STAGE TO SCREEN: Not So De-Lovely
Category: Phantom of the Opera News | Posted by: admin
Article Date: July 18, 2004 | Publication: Playbill.com | Author: Eric Grode
Eric Grode offers five reasons why "De-Lovely," the new Cole Porter biopic, doesn't live up to its name.
I apologize for biting my tongue until now about the serious, serious problems with ”De-Lovely.” My last column went up two weeks before the Cole Porter biopic opened, and I take press embargos seriously. Basically, if you can’t say anything nice before the film opens, you’re really not supposed to say anything. So I didn’t. Now that it’s open, however:
Five Reasons Why “De-Lovely” Is as Misguided a “Prestige” Motion Picture as I Can Remember, Bearing in Mind That I’m Not Even Touching the Whole Jonathan-Pryce-as-Enigmatic-Godlike-Tour-Guide Conceit:
1. “Be a Clown” is by far the most egregious example, but the songs are staged with either complete indifference to or complete ignorance of how to shoot a musical sequence on film. If you’re going to pull the camera in during a crowd scene, you’d better make sure the people in the crowd are doing something interesting. In my worst nightmares, I don’t picture Chris Columbus mangling “Rent” like this.
2. The real-life Linda Porter was eight years older than Cole; here, the age disparity has been reversed. This sounds nit-picky, but it’s not: Changing that dynamic wrecks everything on a psychological level. The marriage of convenience between Cole, whose mother kept him afloat to the tune of $2 million after his grandfather disinherited him, and Linda presumably worked so well because she was an older woman who had seen her share of the world (she was 36 when they married) and was ready to play as much a maternal role as anything else. Claiming otherwise is as fraudulent in its own way as the 1946 Porter biopic “Night and Day.”
3. While we’re on the subject of Linda Porter, the extended shots of her stewing at the bar while Cole sings an oh-so-apropos rendition of “Experiment” represent a low point in poor Ashley Judd’s career. I really hope Ned Beatty doesn’t see this movie.
4. Nelson Eddy is played by Mick Hucknall.
5. For all of the director’s and producers’ talk of exposing the “truth” about Porter’s homosexuality (something that shocked about three people nationwide), the “Love for Sale” sequence in the gay bar is just embarrassing. Take a look at the scene in “Far From Heaven,” which is set in a comparable period, when Dennis Quaid goes into that narrow, smoky bar. (Thanks to my coworker Ken for reminding me of this.) You can’t ask for a better example of a director who really grasps both the “text” and “subtext” of a period. And that’s where Irwin Winkler’s swooning cameras and extras in sailor outfits fall dismally short.
For the record, Kevin Kline does a terrific job with some terrible dialogue, and the costumes are pretty swell. And with the exception of Sheryl Crow, nearly all the pop and rock performers give credible renditions of the Porter songs. (Alanis Morrisette was a particularly nice surprise.) But “De-Lovely” comes up limping in the very first scene and rarely gets any better. The pressure on “Phantom of the Opera” was already pretty intense, and I suspect the box office on “De-Lovely” will be sufficiently tepid to raise the bar even higher. Hollywood wouldn’t mind walking away from musicals, or at least old-style musicals with Broadway scores. They’re too expensive, the studios argue, and the kids aren’t interested. Two flops in 2004 could prove them right.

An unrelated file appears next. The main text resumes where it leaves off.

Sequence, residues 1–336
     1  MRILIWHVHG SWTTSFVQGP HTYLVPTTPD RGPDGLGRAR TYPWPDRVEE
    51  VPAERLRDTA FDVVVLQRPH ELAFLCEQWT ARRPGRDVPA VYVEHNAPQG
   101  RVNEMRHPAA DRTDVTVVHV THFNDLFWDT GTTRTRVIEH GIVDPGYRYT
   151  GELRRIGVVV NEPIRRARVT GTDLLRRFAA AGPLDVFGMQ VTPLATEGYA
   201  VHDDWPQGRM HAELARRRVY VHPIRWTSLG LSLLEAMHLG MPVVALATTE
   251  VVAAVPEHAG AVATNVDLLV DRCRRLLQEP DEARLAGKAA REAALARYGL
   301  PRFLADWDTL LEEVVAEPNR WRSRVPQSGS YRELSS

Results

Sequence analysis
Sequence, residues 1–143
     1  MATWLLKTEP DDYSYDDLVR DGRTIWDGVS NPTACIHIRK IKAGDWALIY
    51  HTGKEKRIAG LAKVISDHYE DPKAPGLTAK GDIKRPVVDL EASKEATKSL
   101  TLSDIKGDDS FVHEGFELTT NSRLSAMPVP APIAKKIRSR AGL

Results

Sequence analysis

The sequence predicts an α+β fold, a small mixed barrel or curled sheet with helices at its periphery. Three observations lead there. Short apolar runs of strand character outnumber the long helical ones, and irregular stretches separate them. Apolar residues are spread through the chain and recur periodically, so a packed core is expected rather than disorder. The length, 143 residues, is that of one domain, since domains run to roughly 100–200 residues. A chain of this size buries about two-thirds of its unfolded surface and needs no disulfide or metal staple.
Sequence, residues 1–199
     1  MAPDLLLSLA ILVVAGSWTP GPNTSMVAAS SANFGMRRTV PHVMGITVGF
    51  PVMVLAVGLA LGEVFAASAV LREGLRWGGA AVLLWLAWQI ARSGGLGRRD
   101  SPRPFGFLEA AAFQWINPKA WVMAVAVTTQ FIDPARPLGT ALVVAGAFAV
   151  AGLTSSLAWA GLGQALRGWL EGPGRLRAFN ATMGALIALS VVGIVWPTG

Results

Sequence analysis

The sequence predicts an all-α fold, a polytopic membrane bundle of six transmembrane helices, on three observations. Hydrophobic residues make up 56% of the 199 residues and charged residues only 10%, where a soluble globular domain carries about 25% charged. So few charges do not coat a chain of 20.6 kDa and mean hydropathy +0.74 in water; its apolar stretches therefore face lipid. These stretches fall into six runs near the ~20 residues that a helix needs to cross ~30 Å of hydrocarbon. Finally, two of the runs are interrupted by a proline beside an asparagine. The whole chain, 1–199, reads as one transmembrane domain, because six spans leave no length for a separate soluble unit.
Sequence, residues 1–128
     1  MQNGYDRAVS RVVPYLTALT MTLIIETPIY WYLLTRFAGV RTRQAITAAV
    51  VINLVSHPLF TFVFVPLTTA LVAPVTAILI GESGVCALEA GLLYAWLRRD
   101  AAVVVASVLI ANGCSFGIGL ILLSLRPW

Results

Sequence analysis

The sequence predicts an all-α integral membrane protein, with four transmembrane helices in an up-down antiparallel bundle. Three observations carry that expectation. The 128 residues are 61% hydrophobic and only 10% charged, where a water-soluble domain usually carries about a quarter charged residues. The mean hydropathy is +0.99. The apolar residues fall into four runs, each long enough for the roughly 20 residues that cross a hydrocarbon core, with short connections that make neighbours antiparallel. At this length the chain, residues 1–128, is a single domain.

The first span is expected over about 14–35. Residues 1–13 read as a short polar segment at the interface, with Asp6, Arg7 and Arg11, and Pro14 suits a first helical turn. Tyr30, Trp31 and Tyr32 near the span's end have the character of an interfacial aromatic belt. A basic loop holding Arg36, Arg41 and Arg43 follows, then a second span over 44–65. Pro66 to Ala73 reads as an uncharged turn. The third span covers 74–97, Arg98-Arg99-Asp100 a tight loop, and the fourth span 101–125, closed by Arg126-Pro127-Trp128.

Speaking of “Phantom,” mark your calendars for December 2. That’s when both it and “Closer” debut. Closer playwright Patrick Marber will see his screenwriting debut, “Asylum,” open a few weeks earlier. Interestingly enough, two of Marber’s leading ladies may be doing Tennessee Williams on Broadway this year--”Asylum” star Natasha Richardson seems like a definite for a Roundabout Streetcar Named Desire this spring, and Natalie Portman of “Closer” may have opened in The Glass Menagerie by then.)
2004’s other two largish theater adaptations, “Stage Beauty” and “Proof,” have yet to set opening dates.
Of all the 2003-04 Broadway plays, it looks like Frozen has the best chance of making it to the big screen. Playwright Bryony Lavery says she has been asked to adapt it for a film version, and I wouldn’t be surprised if she pulls it off. Anna in the Tropics and The Retreat From Moscow could have some potential, and don’t forget those Six Dance Lessons in Six Weeks talks.
Drowning Crow, the critically demolished hip-hop take on The Seagull, has not generated any such discussions. But just about everyone involved in the play will be seen on screen in the next few weeks. (The two exceptions are Stephen McKinley Henderson, who’s stepping into Dracula: The Musical on Broadway, and Peter Francis James, who’s doing Much Ado About Nothing in Central Park.) Both of the younger leads have movies opening July 30: Anthony Mackie stars in “She Hate Me,” the controversial new Spike Lee film, and Aunjanue Ellis has a smaller part in “Garden State.” Alfre Woodard follows up a few weeks later in “The Forgotten” (September 24).
Last but not least, Joe Morton--who was replaced by James in the Trigorin role--makes his directorial debut July 26, when “Sunday on the Rocks” debuts at Long Island’s Stony Brook Film Festival. This adaptation of an early-’90s play by Theresa Rebeck stars such familiar theater names as Cady Huffman (The Producers) and Julie White (who earned great notices in Rebeck’s Blind Dates). It will be quite a week for Rebeck: In addition to “Sunday on the Rocks,” she also has a writing credit on “Catwoman” (July 23). The Halle Berry superhero flick has apparently gone through several versions since Rebeck chimed in, but she shares a story credit on the film.